Microsoft is introducing a new globally distributed database, called Azure Cosmos DB, at Day 1 of its Build 2017 developer conference in Seattle.
Azure Cosmos DB is a superset of Microsoft's existing NoSQL DocumentDB service. Microsoft is transitioning all existing DocumentDB customers and their data to Azure Cosmos DB for no additional charge, officials said on May 10.
(In case you're wondering, in spite of the shared "Cosmos" naming, Azure Cosmos DB has no relation to Microsoft's internally-developed and used "Cosmos" massively parallel storage and computation service, nor the customer implementation of Cosmos technologies in the form of Azure Data Lake deliverables, officials told me.)
Microsoft officials said they started work on Azure Cosmos DB in late 2010 to help Microsoft's own developers cope with globally distributed applications. Microsoft introduced Azure DocumentDB in preview form in 2014 for those who wanted a NoSQL service for developing their own applications. Microsoft refers to Azure Cosmos DB "the next big leap in the evolution of DocumentDB."
As it does with DocumentDB, Microsoft calls Cosmos DB a database for powering "planet-scale" cloud services and applications. Because it is a schema-free, multi-model database, it can support key-value, documents, graphs, and columnar data types It also supports a variety of application programming interfaces (APIs) for accessing that data including MongoDB, DocumentDB SQL, Gremlin (preview), and Azure Tables (preview). Cosmos DB supports five consistency choices, offering strong SQL-like consistency to NoSQL-like eventual consistency, and "everything in between," according to the company.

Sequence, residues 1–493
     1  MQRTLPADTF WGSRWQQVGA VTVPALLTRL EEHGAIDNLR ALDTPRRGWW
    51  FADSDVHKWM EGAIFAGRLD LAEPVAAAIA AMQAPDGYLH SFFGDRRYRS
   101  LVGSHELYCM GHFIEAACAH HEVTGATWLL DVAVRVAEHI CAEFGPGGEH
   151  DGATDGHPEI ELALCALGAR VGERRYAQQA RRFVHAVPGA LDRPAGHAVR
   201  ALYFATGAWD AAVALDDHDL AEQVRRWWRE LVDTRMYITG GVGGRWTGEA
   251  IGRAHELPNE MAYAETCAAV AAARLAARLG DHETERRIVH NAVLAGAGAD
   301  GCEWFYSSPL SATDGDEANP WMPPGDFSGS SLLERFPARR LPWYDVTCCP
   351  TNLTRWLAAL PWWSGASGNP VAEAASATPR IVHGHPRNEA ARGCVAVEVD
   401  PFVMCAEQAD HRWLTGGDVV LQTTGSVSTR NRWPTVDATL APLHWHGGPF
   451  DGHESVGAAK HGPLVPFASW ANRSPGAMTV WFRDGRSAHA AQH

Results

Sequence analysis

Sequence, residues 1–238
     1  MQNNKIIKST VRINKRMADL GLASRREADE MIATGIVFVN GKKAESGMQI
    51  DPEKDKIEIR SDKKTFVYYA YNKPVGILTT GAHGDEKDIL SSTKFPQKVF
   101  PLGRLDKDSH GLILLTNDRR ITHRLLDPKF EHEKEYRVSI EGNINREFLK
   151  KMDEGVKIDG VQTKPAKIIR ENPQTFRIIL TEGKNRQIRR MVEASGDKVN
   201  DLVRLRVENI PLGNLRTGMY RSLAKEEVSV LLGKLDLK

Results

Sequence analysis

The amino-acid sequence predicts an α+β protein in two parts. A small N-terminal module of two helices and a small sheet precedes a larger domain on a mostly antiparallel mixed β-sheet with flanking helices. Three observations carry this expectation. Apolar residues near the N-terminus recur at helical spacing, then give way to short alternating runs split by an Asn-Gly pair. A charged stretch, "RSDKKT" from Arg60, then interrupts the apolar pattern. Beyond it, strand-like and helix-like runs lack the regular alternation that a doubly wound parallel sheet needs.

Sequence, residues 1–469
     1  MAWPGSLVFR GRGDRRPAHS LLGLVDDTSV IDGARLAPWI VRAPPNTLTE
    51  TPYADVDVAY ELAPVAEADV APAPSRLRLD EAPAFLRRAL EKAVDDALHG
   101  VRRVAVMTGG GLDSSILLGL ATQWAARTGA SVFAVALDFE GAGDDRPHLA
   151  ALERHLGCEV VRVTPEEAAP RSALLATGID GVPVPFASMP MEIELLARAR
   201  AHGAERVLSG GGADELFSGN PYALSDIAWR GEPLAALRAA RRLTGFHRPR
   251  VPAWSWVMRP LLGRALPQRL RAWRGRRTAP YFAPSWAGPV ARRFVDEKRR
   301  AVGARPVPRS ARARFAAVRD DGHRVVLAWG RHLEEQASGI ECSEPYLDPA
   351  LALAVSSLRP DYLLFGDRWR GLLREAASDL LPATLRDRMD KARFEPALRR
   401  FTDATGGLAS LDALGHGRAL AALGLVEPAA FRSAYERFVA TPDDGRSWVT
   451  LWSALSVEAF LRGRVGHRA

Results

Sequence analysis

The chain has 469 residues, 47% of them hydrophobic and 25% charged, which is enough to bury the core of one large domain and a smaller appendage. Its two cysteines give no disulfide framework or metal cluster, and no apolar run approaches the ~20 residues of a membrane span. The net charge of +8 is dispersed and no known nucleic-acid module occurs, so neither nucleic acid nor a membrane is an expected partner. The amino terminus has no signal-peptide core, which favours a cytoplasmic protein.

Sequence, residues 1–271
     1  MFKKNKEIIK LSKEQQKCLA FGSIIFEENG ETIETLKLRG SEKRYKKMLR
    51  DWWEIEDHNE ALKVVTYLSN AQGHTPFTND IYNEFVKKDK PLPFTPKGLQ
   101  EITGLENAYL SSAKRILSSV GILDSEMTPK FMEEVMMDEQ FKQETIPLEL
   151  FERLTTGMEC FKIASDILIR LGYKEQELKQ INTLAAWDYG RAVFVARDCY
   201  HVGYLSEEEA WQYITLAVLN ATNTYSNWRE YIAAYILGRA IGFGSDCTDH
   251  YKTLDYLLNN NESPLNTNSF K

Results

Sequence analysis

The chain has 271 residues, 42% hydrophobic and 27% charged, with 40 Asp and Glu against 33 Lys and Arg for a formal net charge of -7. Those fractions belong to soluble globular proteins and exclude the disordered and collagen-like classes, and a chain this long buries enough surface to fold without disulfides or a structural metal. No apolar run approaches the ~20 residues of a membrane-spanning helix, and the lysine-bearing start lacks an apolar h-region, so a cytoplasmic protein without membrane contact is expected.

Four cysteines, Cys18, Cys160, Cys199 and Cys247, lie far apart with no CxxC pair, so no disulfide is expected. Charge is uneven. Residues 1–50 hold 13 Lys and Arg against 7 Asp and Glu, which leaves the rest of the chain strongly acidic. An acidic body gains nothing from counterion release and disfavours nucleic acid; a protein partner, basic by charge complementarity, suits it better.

Officials said Cosmos DB makes global distribution turnkey by providing a single image of the database for deployment in Azure datacenters across the world. Microsoft is offering service-level agreements for latency, throughput, and consistency. Its promise with Cosmos DB is "your data gets there fast, or your money back."
In related Build 2017 news, Microsoft is also announcing today that it is making available previews of Azure Database for MySQL and Azure Database for PostgreSQL, adding support for the two most prominent open source databases to its managed relational database platform.